In Brief

Brexit: Was High Court ruling on Article 50 bad for UK democracy?

Leave campaigners warn against 'subversion' after government is forced to put its plans before parliament

Yesterday's High Court's ruling that Article 50 of the Lisbon Treaty cannot be triggered without MPs' approval has been celebrated as a victory for UK parliamentary sovereignty by some, while others warn the decision flies in the face of the referendum results.

The government said it intended to appeal the "disappointing" ruling, but maintains that its plan to start the Brexit process early next year will continue untrammelled.

Prime Minister Theresa May is today expected to tell Jean-Claude Juncker, the President of the European Commission, the UK is still on course to follow the planned timetable for a prospective exit from the EU in 2019.

The High Court's decision has divided the political right. While "senior Tories have welcomed the ruling as a boost to parliamentary sovereignty", The Guardian reports, some Leave campaigners fear it will be used to block Brexit.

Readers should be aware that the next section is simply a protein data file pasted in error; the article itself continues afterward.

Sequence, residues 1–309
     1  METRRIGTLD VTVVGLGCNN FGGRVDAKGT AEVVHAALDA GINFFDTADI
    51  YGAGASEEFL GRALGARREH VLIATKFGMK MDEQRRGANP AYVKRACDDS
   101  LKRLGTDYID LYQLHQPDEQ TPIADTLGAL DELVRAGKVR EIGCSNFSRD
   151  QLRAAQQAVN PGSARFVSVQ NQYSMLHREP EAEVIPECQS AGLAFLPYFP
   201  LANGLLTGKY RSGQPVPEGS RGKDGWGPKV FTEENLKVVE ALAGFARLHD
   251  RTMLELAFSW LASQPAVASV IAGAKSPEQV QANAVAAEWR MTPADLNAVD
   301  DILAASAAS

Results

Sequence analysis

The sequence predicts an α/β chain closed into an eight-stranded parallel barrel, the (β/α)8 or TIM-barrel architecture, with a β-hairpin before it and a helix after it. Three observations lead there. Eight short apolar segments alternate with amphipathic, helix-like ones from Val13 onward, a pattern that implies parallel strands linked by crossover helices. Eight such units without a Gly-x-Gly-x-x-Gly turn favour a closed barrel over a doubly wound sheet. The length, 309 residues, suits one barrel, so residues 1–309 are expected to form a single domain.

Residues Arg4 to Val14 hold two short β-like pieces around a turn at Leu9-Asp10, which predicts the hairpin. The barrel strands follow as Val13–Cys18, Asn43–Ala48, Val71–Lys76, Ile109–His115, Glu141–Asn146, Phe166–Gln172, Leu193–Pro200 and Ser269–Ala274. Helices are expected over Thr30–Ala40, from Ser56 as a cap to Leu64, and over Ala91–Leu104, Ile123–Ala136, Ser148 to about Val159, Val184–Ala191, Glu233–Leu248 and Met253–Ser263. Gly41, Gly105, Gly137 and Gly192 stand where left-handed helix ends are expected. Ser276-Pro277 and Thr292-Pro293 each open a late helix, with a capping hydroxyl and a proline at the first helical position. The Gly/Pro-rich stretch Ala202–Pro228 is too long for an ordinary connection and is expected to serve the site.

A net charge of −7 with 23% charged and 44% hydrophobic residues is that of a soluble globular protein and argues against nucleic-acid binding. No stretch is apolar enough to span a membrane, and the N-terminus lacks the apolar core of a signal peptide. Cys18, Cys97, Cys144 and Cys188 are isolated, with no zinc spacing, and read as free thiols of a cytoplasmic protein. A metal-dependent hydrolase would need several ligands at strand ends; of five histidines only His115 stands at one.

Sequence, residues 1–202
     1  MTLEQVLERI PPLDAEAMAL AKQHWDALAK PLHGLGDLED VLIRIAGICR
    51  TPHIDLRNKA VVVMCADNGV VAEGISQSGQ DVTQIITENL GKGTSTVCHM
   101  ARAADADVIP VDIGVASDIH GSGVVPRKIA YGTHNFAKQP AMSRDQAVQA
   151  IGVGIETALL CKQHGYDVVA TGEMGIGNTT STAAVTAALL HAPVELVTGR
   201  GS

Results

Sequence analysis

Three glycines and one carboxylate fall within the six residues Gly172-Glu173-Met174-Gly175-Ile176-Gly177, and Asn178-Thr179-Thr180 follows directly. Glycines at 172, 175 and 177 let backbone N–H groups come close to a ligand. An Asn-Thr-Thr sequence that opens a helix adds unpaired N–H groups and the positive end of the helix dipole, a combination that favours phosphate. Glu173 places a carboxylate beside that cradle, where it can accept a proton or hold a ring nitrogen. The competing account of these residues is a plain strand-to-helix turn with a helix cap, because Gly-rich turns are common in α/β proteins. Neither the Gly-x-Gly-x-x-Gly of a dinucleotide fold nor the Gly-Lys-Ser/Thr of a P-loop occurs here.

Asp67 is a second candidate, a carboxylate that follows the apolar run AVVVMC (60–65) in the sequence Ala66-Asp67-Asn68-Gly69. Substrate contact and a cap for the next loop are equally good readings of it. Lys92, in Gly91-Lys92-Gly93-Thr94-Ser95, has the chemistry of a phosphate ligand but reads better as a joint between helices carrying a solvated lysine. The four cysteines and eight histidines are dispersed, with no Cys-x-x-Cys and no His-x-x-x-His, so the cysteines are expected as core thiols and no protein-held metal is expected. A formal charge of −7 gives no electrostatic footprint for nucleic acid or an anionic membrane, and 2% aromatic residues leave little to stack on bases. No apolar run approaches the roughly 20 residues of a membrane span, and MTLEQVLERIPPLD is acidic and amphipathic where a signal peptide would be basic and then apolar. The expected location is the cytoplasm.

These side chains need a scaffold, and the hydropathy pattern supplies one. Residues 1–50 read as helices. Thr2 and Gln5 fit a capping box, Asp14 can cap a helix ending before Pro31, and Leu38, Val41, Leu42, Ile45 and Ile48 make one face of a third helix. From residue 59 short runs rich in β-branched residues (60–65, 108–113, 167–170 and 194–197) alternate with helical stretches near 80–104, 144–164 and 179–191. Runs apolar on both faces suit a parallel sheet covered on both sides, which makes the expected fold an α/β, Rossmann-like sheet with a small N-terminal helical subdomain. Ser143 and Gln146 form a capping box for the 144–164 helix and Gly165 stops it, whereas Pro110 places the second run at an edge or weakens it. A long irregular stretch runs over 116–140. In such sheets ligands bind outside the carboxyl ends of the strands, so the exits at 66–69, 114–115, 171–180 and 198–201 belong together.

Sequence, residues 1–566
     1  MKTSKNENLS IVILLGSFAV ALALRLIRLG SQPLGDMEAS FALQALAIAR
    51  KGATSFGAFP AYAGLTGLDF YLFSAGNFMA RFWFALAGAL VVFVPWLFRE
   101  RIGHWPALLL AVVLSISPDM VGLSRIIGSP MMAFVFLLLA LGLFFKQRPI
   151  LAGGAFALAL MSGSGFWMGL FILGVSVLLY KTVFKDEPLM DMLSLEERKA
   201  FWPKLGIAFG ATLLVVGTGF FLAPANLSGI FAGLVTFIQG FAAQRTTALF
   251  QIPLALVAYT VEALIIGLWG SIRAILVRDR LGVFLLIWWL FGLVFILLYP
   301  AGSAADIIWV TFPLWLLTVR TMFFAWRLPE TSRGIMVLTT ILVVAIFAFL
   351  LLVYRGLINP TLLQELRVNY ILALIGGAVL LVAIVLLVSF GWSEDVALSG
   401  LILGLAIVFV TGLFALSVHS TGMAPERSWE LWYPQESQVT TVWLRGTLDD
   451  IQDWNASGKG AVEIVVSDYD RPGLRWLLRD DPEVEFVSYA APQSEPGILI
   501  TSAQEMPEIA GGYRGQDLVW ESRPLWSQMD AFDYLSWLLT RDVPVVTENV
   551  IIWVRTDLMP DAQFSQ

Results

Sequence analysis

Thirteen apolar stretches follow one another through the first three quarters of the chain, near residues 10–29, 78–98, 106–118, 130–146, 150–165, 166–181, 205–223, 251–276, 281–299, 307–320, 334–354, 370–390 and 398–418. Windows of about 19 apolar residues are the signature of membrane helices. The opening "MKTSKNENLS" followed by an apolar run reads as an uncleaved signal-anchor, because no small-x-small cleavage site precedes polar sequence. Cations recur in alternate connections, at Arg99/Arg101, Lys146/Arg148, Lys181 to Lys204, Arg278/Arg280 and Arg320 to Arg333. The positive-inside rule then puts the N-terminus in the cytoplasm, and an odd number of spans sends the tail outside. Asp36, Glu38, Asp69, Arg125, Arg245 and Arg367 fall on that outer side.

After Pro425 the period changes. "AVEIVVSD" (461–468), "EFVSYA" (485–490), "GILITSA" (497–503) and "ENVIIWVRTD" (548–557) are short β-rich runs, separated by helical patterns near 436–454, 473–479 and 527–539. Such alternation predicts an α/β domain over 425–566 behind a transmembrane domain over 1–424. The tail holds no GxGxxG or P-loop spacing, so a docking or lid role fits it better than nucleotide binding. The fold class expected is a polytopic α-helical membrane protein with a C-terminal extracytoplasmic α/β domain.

Ukip interim leader Nigel Farage said the ruling indicates "betrayal may be near at hand" and warned MPs they had "no idea of the level of public anger they will provoke" if they attempted to subvert the referendum result.

"Yesterday's High Court judgment was badly mistaken," writes Richard Ekins in the Daily Telegraph, outlining the legal case in favour of the government. Even if the ruling was made in complete good faith, it serves to "empower parliamentarians who would like to thwart the referendum result", he says.

Much has been made in the Remain-leaning press of the irony that elements of the Leave campaign are now arguing against Westminster having the final say on decisions affecting the British people, something Brexiters extolled as one of the benefits of leaving the EU.

"Surely those who should be cheering today's high court judgment the loudest are the people who have been the most passionate defenders of parliamentary sovereignty," says Jonathan Freedland in The Guardian.

Under the UK system of parliamentary democracy, an MP is not supposed to merely relay the demands of their constituency but act in the nation's interest according to their own research and judgement.

This is why the High Court's decision provides Remainers with a "glimmer of hope", writes AC Grayling in the New Statesman: "If MPs vote according to their beliefs about what is best for the United Kingdom, the madness of Brexit will be stopped."

The government's intention to refuse a parliamentary vote never had a basis in a "high constitutional principal" in the first place, Scottish First Minister Nicola Sturgeon said yesterday. 

"It's because they don't have a coherent position and they know that if they take their case to the House of Commons that will be exposed," she added.

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